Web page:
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  • Renee Lockwood

The Paradox of Authenticity


Coaching, like life, is full of paradoxes. Indeed, the core tenant of coaching – that it must be driven by the autonomously generated goals of the coachee – is itself paradoxical. It assumes that a client’s goals are not going to be grounded in the desire to be less autonomous, and that if they are, they are somehow wrong and need to be redirected; thus negating the purported autonomy of the coachee.


Similarly, the mantra “be yourself” is essentially a paradoxical imperative; I am being ordered by someone external to ‘be’ something not of my own choosing, and thus not for myself. In the same vein, when coaching someone to be ‘more authentic’, a paradoxical process of socialisation occurs. In learning how to become more authentically myself, I am guided by external forces, helping to uncover my true nature. Perhaps I find myself following the principles of such humanistic psychologists as Erich Fromm in order to be more ‘truly alive’ (through acts of spontaneity, playfulness, or creativity), thus rejecting the broader socialising forces that have, until this moment, prevented such behaviour. However, the paradox here is blinding; I am now socialised by the principles of humanistic psychology. I have simply replaced one form of socialisation for another.


Nevertheless, the search for the ‘authentic self’ has become something of a modern priority, one that is particularly prominent in the fields of life coaching and the self-help movement. Indeed, authenticity is today (paradoxically) viewed as a superlative human value. Often we are told that we cannot be truly happy until we are truly ourselves.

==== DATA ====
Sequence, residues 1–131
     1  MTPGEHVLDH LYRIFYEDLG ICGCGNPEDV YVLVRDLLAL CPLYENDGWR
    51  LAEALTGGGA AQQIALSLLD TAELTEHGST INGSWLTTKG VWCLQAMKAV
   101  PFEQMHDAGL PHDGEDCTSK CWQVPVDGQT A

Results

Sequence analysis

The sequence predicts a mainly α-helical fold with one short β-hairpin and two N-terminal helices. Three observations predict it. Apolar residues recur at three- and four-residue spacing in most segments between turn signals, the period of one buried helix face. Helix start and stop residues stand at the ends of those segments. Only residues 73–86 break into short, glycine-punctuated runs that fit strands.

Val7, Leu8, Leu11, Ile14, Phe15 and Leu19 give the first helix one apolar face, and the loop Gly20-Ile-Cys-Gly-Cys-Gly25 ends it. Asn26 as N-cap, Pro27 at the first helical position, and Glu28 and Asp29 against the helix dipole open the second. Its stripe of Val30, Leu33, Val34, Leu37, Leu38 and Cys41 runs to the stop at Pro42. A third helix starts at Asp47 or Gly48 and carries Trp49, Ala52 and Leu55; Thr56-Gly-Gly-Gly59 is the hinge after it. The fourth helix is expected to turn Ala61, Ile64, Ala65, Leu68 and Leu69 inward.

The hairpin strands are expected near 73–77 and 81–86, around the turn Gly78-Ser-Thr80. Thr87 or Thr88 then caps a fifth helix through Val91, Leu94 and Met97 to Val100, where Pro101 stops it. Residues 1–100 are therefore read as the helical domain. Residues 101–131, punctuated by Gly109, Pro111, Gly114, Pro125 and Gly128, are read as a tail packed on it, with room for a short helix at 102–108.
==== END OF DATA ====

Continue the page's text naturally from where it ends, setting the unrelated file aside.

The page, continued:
The idea of a stable, intransient identity perhaps feels more important than ever in a post-truth era. Increasingly, the stories we tell about things are more important than the reality of the things themselves. Of course, this has always been true to an extent; telling stories about our reality is a fundamental part of being human. As Yuval Noah Harari suggests, it may well be the primary reason for our global dominance as a species. However, this human tendency has undoubtedly reached its apotheosis in the age of social media. Just consider the ‘flexing’ we constantly engage in so that we might project an image of a self/ family/ partnership/ social life which is far glossier than the one we feel we are living. Ironically, it is perhaps this continuous projection of a superficial ‘socialised’ self that makes the idea of an immutable ‘authentic’ self all the more appealing.


What does this mean for coaching? The fact that the concept of an authentic self is paradoxical does not mean we cannot work with it, or with people’s desire to locate it. Good coaching embraces paradox. In order to do this, however, we first need to acknowledge its existence. Only then can we sit with the discomfort it creates, and perhaps even play with the absurdity. As physicist Niels Bohr asserted, “How wonderful that we have met with a paradox. Now we have some hope of making progress.”

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